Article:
This article examines the Kantian thesis of the a priori nature of our knowledge of space. Because it makes the representation of objects possible as external to us and all others, and consequently, as distinct and individualized, space (whatever its structure may be) claims the status as necessary condition and as apriori possibility of all knowledge. However, in the light of various physical, psychological and philosophical considerations, it seems that the particular structure allocated by Kant to space (i.e. uniqueness, infinity, (...)
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  9. Manuel Baechtold (2011). The Space in its Transcendental and Pragmatist Dimensions. Kant-Studien 102 (2).
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  10. Sorin Baiasu (2011). Space, Time and Mind-Dependence. Kantian Review 16 (2):175-190.
  11. John Tull Baker (1937). Henry More and Kant: A Note to the Second Argument on Space in the Transcendental Aesthetic. Philosophical Review 46 (3):298-306.
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  12. Erik C. Banks (2005). Kant, Herbart and Riemann. Kant-Studien 96 (2):208-234.
    A look at the dynamical concept of space and space-generating processes to be found in Kant, J.F. Herbart and the mathematician Bernhard Riemann's philosophical writings.
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  13. B. Bavink (1927). Raum, Zeit und Kausalität im System des kritischen Realismus. Kant-Studien 32 (1-3):264-272.
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  14. Marissa Bennett, Pure and Applied Geometry in Kant.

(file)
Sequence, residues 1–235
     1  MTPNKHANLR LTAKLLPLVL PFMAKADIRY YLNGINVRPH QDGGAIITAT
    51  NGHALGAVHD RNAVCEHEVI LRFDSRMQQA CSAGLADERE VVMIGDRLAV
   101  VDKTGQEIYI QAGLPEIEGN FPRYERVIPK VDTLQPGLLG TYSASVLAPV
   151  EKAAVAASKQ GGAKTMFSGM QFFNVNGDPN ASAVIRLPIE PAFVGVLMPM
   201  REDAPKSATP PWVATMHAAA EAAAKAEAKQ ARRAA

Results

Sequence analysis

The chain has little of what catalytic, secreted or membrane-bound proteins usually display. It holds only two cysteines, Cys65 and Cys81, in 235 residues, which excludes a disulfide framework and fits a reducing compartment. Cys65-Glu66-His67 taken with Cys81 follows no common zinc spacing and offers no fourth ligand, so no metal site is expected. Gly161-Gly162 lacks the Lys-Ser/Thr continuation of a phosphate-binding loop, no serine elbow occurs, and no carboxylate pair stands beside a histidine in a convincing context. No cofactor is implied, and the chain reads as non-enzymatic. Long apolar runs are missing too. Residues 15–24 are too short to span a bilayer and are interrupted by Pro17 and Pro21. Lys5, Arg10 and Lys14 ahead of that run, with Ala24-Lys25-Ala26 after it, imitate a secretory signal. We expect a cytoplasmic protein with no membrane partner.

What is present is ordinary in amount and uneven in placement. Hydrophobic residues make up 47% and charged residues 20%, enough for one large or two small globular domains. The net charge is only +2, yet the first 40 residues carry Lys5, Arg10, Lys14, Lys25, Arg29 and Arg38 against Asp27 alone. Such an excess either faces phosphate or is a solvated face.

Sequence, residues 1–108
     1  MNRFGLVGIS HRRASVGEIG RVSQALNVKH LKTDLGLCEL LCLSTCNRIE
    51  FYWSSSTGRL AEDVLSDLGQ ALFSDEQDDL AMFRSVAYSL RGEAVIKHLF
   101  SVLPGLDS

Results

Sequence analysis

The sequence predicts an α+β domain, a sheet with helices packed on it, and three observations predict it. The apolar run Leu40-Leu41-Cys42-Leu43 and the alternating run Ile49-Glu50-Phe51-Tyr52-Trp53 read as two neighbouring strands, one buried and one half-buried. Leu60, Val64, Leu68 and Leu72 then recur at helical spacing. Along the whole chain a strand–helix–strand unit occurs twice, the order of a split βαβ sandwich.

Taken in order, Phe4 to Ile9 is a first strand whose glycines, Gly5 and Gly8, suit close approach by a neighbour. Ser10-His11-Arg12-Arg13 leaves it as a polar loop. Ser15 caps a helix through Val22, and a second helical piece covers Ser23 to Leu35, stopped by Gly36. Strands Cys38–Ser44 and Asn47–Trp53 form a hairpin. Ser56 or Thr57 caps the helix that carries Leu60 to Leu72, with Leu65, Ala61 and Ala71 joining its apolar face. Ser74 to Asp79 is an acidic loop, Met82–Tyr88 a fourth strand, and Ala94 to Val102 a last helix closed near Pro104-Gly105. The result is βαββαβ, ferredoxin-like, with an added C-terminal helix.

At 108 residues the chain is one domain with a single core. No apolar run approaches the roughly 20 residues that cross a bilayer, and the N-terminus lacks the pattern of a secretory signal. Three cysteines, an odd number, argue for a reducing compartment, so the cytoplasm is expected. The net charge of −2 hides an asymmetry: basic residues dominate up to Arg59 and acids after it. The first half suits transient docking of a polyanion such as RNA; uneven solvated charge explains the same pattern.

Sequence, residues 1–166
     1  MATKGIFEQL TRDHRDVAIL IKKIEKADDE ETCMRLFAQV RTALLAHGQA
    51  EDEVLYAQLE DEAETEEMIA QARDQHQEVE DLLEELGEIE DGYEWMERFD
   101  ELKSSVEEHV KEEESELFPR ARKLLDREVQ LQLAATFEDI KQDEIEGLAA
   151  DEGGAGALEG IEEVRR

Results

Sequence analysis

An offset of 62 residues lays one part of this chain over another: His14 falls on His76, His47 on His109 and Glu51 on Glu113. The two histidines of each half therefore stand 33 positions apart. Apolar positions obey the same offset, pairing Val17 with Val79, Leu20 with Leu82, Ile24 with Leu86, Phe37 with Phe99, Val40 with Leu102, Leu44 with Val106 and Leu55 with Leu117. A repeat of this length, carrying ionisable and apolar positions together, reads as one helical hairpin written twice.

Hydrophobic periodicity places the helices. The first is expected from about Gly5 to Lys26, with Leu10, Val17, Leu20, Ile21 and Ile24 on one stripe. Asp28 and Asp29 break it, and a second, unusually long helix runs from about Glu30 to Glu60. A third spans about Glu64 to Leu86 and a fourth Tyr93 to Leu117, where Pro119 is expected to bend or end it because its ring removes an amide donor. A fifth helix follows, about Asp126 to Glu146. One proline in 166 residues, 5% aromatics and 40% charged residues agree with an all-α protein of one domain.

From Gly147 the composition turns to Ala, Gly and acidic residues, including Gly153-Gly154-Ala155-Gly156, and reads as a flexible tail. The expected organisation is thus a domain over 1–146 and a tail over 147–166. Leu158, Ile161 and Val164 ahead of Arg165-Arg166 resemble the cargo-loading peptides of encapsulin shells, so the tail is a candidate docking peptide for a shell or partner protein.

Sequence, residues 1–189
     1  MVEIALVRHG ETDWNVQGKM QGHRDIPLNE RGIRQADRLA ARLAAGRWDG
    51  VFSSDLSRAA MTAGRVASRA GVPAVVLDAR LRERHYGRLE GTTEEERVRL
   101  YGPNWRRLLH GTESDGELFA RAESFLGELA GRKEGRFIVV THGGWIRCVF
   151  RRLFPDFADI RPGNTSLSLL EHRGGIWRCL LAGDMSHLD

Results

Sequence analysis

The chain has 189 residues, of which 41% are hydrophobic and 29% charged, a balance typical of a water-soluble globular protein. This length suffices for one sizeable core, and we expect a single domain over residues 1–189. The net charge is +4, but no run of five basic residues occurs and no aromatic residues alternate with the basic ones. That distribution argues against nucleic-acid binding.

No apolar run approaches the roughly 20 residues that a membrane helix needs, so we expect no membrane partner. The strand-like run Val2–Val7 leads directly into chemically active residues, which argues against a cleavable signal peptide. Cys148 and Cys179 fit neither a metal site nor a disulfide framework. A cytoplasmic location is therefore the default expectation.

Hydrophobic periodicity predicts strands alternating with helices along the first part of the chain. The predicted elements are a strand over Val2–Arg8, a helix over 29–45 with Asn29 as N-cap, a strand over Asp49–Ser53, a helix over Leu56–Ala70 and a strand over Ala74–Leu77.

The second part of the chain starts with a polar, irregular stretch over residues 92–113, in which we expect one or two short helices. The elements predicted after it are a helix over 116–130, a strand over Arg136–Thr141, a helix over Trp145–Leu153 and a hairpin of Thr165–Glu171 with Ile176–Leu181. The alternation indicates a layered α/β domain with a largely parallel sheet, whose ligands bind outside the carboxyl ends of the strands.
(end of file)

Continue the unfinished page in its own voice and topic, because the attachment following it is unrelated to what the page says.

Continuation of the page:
15. Sven Bernecker (2012). Kant on Spatial Orientation. European Journal of Philosophy 20 (4):519-533.
    This paper develops a novel interpretation of Kant's argument from incongruent counterparts to the effect that the representations of space and time are intuitions rather than concepts. When properly understood, the argument anticipates the contemporary position whereby the meaning of indexicals cannot be captured by descriptive contents.
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  16. Graham Bird (2013). Reply to Edward Kanterian. Kantian Review 18 (2):289-300.
    The reply to Kanterian offers a rebuttal of his central criticisms. It reaffirms the difference between Kant's arguments in the Aesthetic and at B 148-9; it rejects the alleged error of logic in Fischer's (and my) arguments; and it rejects Kanterian's reading of passages in the Preface (A xx-xxii) and of the Amphiboly. Beyond these specific points Kanterian assumes that Kant's project in the first Critique cannot be understood as a and so begs the question at issue.
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  17. Henny Blomme (forthcoming). Kant et la matière de l'espace. Georg Olms Verlag.
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  18. Henny Blomme (2013). Kants Raumbegriff in der Diskussion. Philosophische Rundschau 60 (3):225-239.
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  19. Henny Blomme (2013). Können wir den ursprünglichen Raum erkennen? In Dieter Hüning, Stefan Klingner & Carsten Olk (eds.), Das Leben der Vernunft. Beiträge zur Philosophie Kants. De Gruyter 30-39.
    Mit dem Terminus 'ursprünglicher Raum' wird der Raum bezeichnet, der Kant innerhalb der transzendentalen Ästhetik als reine subjektive Form der Anschauung des äußeren Sinnes bestimmt. Man könnte ihn auch den 'ästhetischen Raum' nennen. Auf jeden Fall muss er vom (proto-)geometrischen Raum unterschieden werden, da letzterer eine Einheit voraussetzt die auf einer Synthesis beruht, und dadurch – weil bei Kant alle Synthesis unter den Kategorien steht – weniger ursprünglich zum Anschauungsvermögen gehört. Es ist diese Unterscheidung zwischen dem ursprünglichen Raum, der „Form (...)